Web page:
Looking at the average attendance tables for the Ryman League Division One North doesn’t make for especially happy reading if you are interested in the well-being of the non league game in North-East London. The four smallest clubs in the division are all from that particular neck of the woods, with Ilford, Waltham Forest, Redbridge and Leyton all struggling to break into three figures for their home matches. The obvious question to ask at this point is how they keep going, and the reasonable answer to this is that they it with enormous difficulty, and with the considerable support of extremely dedicated volunteers. The truth of the matter, however, is that survival for these clubs has been an uphill battle for decades.

Leyton Football Club is, after Cray Wanderers, the second oldest football club in Greater London. They were founded in 1868, and have spent the vast majority of the last 140 years playing in the not inconsiderable shadow of the likes of Leyton Orient, West Ham United and Tottenham Hotspur. There were occasional successful times amongst the bread and butter years of ekeing out their own survival. They won the FA Amateur Cup in 1927 and 1928, and were regular winners of the Athenian Football League before being elected into the Isthmian League in 1982. The club had merged to become known as Leyton-Wingate in 1975, but the marriage of convenience wasn’t to last. The club demerged in 1992, and the club returned to its original name three years later.

It took a High Court case in 2002 for the club to be officially recognised as the continuation of the original club. By this time, the club had dropped back into the Essex senior League, but they were promoted back into the Ryman League under the managership and chairmanship of Costas Sophocleous and were, against the odds successful. In 2005, they finished in fifth place in the Ryman League Premier Division and found themselves ninety minutes from a place in the Conference South in the play-offs, before losing to Eastleigh. Off the field, however, their survival remained an uphill battle. Their crowds average just 123 during that season, and an increase to 137 the following season was skewed upwards by a visit from AFC Wimbledon. Last season, they finished bottom of the Ryman Premier Division and were victim to some horrendous results, including an 11-1 home defeat at the hands of Hendon and a 9-0 defeat at AFC Hornchurch.

This season, with no discernable away support to boost their home crowds, gates have fallen by a further forty per cent, to an average of just 64. They have been reasonably successful on the pitch, and are currently sitting in seventh place in the Ryman League Division One North. However, the extent of the financial problems that they face came into sharp focus at the end of last week, when they were forced to postpone their home league match against Redbridge because they had been locked out of their Hare & Hounds stadium by their landlords after failing to pay their rent. The money has now reportedly been paid, but one cannot help but wonder whether a club can remain sustainable of gate receipts of around £500 per fortnight. There may well be more to the current goings-on at Leyton than meet the eye but, whichever way one looks at these events, they hardly paint a healthy picture of grassroots football in this part of the world.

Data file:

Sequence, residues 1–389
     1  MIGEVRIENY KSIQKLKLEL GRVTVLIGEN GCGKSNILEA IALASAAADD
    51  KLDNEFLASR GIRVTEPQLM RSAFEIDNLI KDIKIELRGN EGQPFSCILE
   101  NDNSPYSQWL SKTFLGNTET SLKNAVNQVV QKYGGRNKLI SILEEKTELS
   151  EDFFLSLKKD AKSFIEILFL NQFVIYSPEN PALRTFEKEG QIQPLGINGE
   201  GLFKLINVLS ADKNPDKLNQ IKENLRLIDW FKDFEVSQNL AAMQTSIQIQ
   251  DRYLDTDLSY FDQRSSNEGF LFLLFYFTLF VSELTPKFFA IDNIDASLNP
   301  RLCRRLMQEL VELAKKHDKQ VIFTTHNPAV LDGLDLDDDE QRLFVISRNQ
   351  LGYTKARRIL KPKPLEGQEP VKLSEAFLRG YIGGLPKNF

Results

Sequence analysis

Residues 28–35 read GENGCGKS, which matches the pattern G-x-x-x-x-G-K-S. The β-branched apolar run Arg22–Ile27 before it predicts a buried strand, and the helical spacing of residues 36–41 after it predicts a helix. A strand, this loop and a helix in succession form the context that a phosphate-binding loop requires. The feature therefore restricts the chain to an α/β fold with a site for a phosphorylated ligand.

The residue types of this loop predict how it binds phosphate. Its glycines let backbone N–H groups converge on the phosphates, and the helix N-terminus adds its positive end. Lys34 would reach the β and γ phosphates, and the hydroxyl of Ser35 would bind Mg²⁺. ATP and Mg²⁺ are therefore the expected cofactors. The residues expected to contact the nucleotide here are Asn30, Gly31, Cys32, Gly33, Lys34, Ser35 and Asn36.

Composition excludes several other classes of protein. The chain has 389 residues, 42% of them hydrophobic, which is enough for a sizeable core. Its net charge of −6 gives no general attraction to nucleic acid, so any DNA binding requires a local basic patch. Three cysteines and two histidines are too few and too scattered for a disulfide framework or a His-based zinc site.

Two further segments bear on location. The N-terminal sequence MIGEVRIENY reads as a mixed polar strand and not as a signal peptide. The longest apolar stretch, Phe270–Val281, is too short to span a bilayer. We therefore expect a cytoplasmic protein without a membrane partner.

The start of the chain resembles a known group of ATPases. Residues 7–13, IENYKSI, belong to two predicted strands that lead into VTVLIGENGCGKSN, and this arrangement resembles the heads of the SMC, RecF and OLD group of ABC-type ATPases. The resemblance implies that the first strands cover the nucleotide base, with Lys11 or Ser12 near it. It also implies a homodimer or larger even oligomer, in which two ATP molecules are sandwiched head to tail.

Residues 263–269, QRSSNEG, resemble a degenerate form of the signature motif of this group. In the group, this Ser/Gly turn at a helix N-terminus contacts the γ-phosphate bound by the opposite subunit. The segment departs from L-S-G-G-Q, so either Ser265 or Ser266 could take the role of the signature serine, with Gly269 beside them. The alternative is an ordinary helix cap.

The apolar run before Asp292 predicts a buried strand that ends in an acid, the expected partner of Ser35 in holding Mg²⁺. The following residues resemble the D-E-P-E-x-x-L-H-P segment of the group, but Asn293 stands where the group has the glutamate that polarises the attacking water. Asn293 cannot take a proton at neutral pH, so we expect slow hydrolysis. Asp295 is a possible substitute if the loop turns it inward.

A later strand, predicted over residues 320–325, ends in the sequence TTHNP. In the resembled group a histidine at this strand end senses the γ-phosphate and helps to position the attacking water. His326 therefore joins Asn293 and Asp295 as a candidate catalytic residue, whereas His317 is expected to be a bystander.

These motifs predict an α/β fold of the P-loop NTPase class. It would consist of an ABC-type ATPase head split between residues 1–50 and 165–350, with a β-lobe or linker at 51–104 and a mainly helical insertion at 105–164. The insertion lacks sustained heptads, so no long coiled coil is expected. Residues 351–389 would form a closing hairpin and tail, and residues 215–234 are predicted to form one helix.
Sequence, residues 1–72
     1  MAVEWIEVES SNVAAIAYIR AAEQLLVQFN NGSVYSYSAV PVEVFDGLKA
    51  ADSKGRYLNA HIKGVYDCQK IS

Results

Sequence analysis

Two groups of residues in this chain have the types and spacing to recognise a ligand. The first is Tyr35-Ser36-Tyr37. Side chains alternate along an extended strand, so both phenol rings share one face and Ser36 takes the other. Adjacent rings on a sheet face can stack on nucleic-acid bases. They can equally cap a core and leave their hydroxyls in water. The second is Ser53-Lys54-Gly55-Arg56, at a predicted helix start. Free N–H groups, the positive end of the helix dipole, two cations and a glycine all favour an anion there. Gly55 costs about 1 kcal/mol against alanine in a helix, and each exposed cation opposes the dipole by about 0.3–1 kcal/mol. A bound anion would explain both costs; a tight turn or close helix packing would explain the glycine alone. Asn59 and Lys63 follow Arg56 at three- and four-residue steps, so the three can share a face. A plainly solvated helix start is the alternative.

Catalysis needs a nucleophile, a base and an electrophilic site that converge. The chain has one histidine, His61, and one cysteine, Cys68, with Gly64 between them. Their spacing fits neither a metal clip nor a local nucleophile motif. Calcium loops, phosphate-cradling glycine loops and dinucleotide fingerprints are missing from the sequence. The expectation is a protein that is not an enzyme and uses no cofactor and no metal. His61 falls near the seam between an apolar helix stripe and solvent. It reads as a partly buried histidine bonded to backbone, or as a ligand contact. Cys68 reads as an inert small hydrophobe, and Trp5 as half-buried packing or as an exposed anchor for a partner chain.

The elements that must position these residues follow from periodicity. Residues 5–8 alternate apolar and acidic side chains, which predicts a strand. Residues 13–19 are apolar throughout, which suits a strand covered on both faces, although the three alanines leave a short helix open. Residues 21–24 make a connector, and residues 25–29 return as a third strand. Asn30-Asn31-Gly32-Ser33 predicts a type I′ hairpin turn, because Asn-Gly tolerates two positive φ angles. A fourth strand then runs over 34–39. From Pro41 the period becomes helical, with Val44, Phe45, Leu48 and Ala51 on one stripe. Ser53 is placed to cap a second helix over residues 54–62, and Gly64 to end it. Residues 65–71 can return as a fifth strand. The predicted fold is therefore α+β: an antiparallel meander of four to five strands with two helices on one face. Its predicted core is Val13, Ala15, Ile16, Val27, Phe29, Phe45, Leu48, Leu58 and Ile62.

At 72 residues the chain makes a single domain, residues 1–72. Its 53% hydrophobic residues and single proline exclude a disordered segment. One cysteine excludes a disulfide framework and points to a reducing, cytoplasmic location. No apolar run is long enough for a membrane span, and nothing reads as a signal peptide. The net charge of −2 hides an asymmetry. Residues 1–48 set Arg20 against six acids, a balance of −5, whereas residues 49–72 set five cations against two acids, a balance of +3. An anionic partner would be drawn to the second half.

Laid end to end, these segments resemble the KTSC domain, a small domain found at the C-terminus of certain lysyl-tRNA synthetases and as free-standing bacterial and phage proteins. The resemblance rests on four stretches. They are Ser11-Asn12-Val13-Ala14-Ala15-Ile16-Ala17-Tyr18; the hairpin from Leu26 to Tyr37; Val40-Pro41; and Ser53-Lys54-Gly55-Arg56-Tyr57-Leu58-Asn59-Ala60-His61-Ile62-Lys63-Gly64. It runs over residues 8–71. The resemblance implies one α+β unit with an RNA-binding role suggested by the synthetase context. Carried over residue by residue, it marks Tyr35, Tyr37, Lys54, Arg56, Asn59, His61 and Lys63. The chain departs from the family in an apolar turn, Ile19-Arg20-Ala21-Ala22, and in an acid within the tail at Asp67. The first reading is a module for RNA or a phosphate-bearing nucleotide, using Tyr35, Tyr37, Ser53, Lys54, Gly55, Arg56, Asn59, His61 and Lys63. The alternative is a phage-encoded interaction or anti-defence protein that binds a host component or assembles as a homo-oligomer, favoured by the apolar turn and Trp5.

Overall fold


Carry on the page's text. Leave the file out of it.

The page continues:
As has been reported on here before, non-league football in North-East London has given the impression of being in a perpetual state of crisis for at least thirty years now, whether demonstrated by the debacle that was the mergers of Leytonstone, Ilford, Walthamstow Avenue and Dagenham into Dagenham & Redbridge (and it’s worth remembering that, in spite of the Daggers’ comparative success, they remain one of the worst supported clubs in League Two), the sad decline of Clapton FC (five time winners of the FA Amateur Cup, who now play home matches in front of 25 people in the Essex Senior League) or the current woes affecting Leyton. The responsibilty for the wellbeing of Leyton FC ultimately lies with the community within which it is a member. Does the club involve itself in and engage with its local community? Should Leyton seek to associate themselves with one of the bigger clubs in the area? Leyton Football Club is a club with a wonderful, expansive history, and the club should seek to assert its ties with its neighbours before it is too late, and yet another non-league club is consigned to the history books.